2018 marks the 20th anniversary of DPRP publishing album reviews. To celebrate, we have asked several former reviewers and some of the long-standing reviewers to take a look back at the album of one of their own reviews and write an article for in the Archives Of Prog section.
Also former team member Mattias Norén helped for the occasion by coming up with the image for this series at the top. Take a look at his website ProgArt Media.
In number six in in this series, former reviewer Derk van Mourik takes a look back at an album he rated an 8 back in 2000: Spock's Beard's V.
As I am writing this, it is almost exactly 20 years ago to the day that I first saw Spock's Beard in concert. For a few blissful years after that first encounter, they were my absolute number one favourite live band.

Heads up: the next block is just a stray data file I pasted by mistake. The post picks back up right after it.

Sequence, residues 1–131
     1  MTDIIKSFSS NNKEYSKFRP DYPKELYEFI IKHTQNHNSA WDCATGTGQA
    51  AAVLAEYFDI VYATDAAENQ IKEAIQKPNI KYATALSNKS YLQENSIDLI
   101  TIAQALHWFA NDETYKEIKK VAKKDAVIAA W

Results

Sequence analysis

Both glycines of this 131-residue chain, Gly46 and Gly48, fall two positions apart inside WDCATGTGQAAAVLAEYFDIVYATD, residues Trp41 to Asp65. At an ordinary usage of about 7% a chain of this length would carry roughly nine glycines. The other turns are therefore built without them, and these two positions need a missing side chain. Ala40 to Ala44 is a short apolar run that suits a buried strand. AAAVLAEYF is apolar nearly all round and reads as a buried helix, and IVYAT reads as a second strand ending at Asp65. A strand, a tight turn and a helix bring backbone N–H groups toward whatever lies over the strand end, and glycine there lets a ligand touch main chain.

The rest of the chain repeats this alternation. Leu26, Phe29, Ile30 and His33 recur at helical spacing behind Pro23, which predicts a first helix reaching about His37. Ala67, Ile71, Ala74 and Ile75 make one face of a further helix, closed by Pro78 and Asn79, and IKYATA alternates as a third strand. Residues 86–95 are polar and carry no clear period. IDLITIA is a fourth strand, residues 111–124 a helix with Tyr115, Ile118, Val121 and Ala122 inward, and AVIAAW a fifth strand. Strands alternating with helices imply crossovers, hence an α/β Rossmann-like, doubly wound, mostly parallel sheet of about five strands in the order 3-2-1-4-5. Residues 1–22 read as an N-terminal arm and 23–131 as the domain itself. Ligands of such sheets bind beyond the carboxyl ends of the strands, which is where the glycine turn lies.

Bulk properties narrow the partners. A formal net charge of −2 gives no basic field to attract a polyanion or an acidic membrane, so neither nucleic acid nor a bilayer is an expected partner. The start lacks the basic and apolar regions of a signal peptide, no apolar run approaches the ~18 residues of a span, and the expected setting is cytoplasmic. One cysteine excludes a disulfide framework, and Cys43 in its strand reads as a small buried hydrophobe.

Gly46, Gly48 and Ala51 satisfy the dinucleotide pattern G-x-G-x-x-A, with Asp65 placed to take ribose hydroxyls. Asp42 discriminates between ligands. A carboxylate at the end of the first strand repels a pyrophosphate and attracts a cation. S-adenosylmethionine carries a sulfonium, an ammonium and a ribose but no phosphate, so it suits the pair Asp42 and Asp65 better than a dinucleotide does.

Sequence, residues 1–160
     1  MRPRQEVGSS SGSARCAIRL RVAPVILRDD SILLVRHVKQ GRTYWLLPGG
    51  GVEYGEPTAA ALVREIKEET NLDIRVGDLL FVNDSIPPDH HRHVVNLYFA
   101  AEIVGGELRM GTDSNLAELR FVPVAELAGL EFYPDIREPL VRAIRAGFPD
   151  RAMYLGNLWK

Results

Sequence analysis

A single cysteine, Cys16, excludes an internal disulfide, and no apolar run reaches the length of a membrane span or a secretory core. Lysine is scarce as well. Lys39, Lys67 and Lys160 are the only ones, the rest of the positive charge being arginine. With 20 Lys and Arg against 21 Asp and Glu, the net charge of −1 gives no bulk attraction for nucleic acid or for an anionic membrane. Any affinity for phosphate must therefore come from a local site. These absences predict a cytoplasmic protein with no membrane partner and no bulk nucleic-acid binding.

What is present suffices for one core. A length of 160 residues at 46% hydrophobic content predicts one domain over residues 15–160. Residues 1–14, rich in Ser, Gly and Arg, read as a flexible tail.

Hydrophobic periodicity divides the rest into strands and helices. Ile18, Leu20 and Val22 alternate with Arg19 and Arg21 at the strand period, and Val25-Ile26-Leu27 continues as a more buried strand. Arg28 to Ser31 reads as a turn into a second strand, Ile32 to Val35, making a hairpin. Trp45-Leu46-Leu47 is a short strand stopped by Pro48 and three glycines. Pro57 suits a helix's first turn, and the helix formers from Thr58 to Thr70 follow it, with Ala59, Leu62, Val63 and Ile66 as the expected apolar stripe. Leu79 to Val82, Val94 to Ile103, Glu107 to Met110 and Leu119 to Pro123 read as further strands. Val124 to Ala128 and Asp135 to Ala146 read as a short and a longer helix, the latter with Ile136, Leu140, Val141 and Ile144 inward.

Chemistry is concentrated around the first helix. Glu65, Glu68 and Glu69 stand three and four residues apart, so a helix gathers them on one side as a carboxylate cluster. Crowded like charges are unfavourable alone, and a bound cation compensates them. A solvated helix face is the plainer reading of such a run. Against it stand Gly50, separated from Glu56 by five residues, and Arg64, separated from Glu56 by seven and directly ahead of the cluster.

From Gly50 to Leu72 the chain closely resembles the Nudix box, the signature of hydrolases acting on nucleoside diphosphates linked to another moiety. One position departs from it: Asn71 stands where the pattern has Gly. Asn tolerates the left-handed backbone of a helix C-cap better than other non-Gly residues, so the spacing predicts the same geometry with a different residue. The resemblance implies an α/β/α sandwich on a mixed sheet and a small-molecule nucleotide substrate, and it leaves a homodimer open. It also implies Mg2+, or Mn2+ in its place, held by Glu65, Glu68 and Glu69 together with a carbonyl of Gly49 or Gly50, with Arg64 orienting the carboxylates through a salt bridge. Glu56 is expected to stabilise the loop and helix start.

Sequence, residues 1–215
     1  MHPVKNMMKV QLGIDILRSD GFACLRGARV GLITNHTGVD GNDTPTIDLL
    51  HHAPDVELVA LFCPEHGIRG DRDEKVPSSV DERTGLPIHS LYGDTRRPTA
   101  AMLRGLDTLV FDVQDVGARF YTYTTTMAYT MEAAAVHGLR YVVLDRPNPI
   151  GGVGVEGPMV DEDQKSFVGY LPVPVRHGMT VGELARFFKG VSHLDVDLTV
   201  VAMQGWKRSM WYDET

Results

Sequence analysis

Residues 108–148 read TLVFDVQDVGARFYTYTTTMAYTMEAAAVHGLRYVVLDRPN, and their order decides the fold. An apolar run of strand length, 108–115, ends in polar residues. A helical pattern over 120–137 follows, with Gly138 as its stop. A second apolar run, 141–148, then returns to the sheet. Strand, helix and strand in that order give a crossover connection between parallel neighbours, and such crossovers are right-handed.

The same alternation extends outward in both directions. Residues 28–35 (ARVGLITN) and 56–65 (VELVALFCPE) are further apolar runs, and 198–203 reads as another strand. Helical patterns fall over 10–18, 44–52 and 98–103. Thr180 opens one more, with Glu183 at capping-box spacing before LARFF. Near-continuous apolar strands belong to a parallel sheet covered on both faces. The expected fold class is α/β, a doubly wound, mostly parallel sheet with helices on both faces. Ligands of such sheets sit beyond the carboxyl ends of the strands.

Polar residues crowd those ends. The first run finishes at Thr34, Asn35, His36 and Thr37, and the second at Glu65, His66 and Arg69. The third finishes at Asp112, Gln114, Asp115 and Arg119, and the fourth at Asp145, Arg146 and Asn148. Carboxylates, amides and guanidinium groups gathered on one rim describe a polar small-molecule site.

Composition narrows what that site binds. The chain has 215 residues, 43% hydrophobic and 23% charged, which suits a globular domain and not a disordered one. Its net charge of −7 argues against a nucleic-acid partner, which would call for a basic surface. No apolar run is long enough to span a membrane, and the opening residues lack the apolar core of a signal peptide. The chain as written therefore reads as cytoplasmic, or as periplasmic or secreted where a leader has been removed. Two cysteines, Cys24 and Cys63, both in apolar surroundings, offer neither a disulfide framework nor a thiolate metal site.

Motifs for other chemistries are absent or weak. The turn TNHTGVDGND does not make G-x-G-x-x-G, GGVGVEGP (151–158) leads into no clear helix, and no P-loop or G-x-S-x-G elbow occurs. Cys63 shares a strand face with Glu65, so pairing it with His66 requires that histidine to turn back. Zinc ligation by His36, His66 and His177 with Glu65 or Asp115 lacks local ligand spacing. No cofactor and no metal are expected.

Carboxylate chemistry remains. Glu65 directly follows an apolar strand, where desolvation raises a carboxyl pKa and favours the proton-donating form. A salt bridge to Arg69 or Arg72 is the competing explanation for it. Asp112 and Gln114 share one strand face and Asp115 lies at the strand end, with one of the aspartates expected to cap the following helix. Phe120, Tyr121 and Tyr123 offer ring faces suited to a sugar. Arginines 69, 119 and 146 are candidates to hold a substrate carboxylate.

I especially remember the V concerts with much fondness. At the time the album came out, in some corners it was criticized for being derivative of the Beard's previous work. But to me, it was a culmination of that work, and now, 18 years and a steady stream of albums later, that's still how I feel about it.
And it's the epic, The Great Nothing, that still does it for me most. It's got all the Beard trademarks: the ballads (Neal Morse is a balladeer as much as a purveyor of odd time signatures and lengthy instrumentals), the blistering solos, the humour, the stonking bass...
The Great Everything, more like!